“Mystery Suspect in the “Obesity Epidemic”"

Post to Twitter

This article at The Icarus Project asserts that there may be an under examined link between psychotropic drugs and the “obesity epidemic.” Below is an excerpt:

… The increase in the average American’s weight has paralleled the warp speed increase in use of anti-depressants, anti-anxiety drugs, and the drugs marketed as anti-psychotics. It seems astonishing in light of recent, high-profile media exposés of drug companies’ concealment of adverse effects of their products.

Psychologist David Cohen estimates that 50 million Americans — 1 in 6 Americans — take psychotropic medication, and it is unknown how many of these are taking more than one kind simultaneously. Polypharmacy, the addition of increasing numbers of such drugs in the hope that a patient’s symptoms will abate or the negative effects of earlier drugs will disappear, is increasingly common. What’s worse, a series of scandals in recent years has revealed that the U.S. Food and Drug Administration, which is charged with ensuring that only safe and effective drugs hit the market, has approved many drugs without holding the drug companies to good standards of research. One of the most common but least talked-about negative effects of a wide variety of psychotropic drugs – including many of those marketed to treat depression, anxiety, and psychosis – is weight gain, often tremendous weight gain.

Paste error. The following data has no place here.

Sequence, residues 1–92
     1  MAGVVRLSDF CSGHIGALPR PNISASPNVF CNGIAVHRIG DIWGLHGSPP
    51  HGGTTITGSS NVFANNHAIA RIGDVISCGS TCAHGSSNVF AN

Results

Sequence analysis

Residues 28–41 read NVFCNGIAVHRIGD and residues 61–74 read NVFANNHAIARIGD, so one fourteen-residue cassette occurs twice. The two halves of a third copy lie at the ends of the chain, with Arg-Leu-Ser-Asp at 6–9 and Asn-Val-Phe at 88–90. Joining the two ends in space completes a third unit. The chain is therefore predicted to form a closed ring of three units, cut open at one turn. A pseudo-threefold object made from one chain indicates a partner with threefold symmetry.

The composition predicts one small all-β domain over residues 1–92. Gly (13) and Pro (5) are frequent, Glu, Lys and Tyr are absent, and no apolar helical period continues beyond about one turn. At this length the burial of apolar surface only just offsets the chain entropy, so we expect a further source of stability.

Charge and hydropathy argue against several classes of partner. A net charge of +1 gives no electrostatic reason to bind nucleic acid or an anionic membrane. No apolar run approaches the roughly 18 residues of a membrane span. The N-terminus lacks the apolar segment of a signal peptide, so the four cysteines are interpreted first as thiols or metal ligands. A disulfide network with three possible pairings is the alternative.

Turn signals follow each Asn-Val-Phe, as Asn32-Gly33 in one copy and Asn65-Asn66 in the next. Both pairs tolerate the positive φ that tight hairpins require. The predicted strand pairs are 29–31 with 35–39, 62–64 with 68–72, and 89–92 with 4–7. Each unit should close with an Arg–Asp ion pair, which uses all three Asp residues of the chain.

–Ann Bartow

Share
This entry was posted in Feminism and Medicine, Women's Health. Bookmark the permalink.

One Response to “Mystery Suspect in the “Obesity Epidemic”"

  1. efink says:

    To offer one data point, I experienced substantial weight gain after I started taking anti-depressants (at the end of law school, not coincidentally). Of course, I also hit my 40s and wasn’t as physically active as I had been before. So am I better off crazy and thin, or (relatively) sane and paunchy? I’m really not sure.

Comments are closed.